She's also a poster on this forum but I forget her handle.   Damn, but her posts are so articulate, on point, and funny.



pbkmaine

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Re: Financial benefit of a roommate
« Reply #11 on: April 25, 2019, 06:28:33 PM »
I suggest www.http://theliveinlandlord.com/.   She's really savvy.

She's also a poster on this forum but I forget her handle.   Damn, but her posts are so articulate, on point, and funny.

The Grim Squeaker.

walkwalkwalk

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Re: Financial benefit of a roommate
« Reply #12 on: April 26, 2019, 08:00:25 AM »
I looked at the numbers again this morning using the correct deduction amount, and I find that a roommate would net me between $5k and $6k a year, which I don't think is worth sharing my home for unfortunately. I'm going to shelve the idea for now. Thanks all.
I think you may be mixing up income for tax purposes and what you would actually get financially from it. (I could be wrong) Can you tell us how you came to the 5k to 6k?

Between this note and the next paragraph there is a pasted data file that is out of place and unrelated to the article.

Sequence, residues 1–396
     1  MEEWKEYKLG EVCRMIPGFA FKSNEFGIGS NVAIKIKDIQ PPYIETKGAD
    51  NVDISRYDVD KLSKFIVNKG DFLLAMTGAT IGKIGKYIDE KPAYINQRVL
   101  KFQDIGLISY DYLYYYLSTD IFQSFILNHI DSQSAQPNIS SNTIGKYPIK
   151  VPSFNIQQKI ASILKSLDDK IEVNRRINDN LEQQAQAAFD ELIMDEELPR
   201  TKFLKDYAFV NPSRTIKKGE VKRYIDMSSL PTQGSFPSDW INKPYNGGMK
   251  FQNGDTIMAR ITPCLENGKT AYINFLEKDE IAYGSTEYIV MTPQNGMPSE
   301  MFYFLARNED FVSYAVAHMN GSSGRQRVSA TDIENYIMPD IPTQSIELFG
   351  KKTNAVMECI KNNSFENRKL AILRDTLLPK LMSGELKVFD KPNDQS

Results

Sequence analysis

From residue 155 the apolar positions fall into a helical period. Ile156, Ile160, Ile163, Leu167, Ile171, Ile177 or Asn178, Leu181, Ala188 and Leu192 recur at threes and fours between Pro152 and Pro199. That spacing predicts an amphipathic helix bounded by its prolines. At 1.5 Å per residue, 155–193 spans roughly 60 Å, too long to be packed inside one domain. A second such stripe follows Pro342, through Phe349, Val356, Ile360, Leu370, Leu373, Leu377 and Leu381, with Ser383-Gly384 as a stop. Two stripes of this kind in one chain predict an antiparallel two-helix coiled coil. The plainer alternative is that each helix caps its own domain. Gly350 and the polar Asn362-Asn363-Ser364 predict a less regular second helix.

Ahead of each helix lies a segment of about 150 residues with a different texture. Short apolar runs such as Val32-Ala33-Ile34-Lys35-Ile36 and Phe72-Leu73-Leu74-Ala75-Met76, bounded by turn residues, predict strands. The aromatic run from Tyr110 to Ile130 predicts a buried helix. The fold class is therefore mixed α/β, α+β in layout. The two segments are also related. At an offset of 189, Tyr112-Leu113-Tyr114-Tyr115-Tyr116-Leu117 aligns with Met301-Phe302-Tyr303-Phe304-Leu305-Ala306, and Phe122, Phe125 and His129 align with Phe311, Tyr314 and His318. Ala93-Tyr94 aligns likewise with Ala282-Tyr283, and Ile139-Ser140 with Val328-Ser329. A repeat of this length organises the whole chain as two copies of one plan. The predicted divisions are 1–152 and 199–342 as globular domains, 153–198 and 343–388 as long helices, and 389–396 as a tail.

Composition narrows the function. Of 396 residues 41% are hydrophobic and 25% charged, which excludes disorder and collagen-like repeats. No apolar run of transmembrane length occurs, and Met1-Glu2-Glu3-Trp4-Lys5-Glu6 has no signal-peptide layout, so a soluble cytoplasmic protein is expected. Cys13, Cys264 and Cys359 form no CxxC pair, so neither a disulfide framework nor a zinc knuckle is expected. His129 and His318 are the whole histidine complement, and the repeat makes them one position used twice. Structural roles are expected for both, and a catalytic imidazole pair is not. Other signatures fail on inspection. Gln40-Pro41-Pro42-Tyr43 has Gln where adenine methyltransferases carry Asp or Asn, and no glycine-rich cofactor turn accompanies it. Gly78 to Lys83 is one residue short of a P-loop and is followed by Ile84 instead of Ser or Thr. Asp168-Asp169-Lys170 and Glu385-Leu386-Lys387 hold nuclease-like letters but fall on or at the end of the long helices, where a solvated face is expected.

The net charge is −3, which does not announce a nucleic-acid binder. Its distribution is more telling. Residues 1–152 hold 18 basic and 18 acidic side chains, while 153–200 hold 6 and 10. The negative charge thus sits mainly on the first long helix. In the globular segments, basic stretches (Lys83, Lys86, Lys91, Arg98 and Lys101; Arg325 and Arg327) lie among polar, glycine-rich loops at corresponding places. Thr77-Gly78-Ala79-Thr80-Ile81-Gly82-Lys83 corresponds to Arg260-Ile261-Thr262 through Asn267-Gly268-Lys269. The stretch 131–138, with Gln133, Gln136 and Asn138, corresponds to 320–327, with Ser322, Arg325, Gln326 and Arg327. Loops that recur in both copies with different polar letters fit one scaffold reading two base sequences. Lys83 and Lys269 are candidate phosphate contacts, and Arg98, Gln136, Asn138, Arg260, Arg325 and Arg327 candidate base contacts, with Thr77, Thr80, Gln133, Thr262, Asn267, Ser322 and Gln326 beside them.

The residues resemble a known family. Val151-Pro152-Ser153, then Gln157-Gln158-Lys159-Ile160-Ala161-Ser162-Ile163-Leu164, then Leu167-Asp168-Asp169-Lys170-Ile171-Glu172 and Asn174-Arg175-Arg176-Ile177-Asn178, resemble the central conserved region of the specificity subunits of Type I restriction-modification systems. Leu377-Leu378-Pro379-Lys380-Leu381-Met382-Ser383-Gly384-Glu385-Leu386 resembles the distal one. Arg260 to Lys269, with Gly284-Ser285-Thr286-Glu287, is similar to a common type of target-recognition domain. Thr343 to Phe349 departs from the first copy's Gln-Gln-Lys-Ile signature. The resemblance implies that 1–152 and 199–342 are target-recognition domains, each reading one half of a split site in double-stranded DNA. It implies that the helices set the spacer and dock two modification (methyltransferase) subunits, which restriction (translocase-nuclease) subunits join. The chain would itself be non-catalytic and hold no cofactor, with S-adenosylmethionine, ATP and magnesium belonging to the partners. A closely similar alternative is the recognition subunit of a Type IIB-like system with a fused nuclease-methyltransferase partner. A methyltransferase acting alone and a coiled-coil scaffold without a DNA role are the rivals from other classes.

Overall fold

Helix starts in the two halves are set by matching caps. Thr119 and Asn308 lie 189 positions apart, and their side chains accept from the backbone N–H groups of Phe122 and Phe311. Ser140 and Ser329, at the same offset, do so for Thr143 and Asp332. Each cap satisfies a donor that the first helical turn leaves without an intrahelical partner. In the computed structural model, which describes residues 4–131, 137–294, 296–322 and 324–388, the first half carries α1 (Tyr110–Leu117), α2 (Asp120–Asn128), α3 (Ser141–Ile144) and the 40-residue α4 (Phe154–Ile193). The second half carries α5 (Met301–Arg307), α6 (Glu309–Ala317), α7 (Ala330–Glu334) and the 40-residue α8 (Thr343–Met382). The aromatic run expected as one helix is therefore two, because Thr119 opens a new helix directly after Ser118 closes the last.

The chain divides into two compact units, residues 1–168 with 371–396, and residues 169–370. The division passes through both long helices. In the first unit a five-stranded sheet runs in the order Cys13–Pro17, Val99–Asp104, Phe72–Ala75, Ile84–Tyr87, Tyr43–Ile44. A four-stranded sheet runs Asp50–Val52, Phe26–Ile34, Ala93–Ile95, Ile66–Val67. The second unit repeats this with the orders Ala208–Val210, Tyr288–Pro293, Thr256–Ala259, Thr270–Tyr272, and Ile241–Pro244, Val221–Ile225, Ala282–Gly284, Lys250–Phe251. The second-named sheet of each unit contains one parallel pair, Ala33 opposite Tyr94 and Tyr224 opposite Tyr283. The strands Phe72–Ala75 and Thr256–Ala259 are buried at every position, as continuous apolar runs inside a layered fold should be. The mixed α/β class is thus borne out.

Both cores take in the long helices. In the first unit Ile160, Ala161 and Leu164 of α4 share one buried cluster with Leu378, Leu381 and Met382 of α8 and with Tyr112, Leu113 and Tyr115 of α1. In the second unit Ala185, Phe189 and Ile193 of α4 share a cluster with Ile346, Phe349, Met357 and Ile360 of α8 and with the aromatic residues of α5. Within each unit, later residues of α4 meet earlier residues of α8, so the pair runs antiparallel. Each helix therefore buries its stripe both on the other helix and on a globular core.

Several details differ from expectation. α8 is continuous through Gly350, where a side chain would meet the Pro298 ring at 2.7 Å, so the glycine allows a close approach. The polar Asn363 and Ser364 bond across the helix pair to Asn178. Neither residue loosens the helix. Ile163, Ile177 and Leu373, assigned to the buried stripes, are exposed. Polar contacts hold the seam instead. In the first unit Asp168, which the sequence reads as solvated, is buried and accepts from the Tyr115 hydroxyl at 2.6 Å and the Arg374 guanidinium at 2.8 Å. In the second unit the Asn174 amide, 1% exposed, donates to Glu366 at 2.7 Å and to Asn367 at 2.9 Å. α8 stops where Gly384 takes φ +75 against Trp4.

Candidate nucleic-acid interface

salt cured

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Re: Financial benefit of a roommate
« Reply #13 on: April 26, 2019, 03:57:13 PM »
I looked at the numbers again this morning using the correct deduction amount, and I find that a roommate would net me between $5k and $6k a year, which I don't think is worth sharing my home for unfortunately. I'm going to shelve the idea for now. Thanks all.
I think you may be mixing up income for tax purposes and what you would actually get financially from it. (I could be wrong) Can you tell us how you came to the 5k to 6k?